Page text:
The First Nativity Scene
Nativity scenes on the Logue family mantel.
Yesterday's post on the Nativity Scene in The White House got me thinking about Nativity scenes in general. We have several out at home now reflecting various cultures.
The first Nativity Scene was a live Nativity Francis of Assisi staged in Greccio, Italy in 1223. Francis was greatly influenced in his own life by direct experiences including that of taking on a beggars clothes and begging and later hugging a leper. Knowing the value of the senses, Francis received Pope Honarius III's blessing to use a cave near Greccio to stage a recreation of Jesus' birth. Living nativities spread rapidly and within a couple of generations were expected fixtures in virtually every church in Italy and were spreading further. In time, displays of the scene in statuary form also became common.
Today, the small chrèches on my mantel are a tame form of art compared with the more visceral experience Brother Francis had in mind. His display with lively animals and a live infant, all with their unpredictable nature and predictable smells was more sensory rich. Francis wanted us to live our way into the story so that our imaginations would be caught up in the amazing idea that the King of all Creation would enter into that creation not in power and might, but in vulnerability and love. Smelling the animals, while seeing a real, fragile child lying in a feed box accomplished something in the sense of those present that is missed in most Nativity Scenes, including the ones in my house and in The White House.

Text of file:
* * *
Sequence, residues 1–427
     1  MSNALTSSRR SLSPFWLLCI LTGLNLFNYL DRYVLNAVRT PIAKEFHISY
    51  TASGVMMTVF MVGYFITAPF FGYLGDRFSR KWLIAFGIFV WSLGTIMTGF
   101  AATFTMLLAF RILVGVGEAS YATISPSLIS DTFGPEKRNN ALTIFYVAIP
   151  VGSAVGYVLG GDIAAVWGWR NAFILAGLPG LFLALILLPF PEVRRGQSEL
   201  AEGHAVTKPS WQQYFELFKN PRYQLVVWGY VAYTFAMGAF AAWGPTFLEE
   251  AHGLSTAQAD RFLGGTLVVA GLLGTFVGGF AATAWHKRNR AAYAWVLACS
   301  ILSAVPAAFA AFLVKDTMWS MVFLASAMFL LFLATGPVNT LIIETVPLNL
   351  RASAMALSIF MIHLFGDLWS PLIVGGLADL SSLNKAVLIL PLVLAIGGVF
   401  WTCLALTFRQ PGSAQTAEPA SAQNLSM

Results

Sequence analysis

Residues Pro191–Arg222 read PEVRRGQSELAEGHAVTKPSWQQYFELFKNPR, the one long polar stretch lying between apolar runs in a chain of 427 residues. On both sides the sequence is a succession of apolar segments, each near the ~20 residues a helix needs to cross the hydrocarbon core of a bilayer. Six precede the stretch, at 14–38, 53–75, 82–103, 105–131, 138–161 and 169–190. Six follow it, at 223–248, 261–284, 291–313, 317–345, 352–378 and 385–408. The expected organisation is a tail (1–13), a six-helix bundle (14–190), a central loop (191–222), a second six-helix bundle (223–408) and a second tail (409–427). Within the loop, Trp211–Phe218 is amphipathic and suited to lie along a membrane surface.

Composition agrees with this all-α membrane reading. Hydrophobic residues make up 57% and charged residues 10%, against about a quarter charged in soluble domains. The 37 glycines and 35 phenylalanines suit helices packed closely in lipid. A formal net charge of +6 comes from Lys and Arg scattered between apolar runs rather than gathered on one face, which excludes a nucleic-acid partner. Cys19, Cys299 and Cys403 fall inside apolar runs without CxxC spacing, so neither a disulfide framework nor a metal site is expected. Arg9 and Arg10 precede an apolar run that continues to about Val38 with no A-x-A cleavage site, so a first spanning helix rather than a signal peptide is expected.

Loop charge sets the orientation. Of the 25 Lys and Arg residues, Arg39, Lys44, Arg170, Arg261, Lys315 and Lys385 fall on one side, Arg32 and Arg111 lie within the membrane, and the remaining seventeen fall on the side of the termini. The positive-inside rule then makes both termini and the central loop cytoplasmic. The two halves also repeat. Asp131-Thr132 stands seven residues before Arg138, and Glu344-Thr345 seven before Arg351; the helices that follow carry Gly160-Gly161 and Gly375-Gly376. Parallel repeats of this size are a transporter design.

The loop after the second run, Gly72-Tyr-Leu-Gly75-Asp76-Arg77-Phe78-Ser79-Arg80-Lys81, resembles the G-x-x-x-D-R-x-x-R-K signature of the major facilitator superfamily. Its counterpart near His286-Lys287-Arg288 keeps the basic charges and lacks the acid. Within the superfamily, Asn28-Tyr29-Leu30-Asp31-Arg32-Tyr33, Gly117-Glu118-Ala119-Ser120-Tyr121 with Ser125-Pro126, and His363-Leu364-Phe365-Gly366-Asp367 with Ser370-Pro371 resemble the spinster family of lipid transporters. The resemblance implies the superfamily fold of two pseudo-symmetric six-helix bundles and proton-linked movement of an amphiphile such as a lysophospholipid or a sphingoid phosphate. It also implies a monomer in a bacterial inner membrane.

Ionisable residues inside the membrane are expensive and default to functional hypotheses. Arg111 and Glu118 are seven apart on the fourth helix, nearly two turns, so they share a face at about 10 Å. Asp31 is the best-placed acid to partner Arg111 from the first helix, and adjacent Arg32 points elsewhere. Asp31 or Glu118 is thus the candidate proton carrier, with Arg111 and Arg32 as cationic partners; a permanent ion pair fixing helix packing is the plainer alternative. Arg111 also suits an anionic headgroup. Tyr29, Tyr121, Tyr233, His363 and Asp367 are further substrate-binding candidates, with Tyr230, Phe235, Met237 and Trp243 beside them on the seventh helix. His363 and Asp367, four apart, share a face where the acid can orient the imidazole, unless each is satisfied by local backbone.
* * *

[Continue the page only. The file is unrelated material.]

Francis is still on to something. If we could enter more fully into the messy reality of that first Nativity, we would stand in awe of the creator who came among us in weakness.
The Rev. Frank Logue, Pastor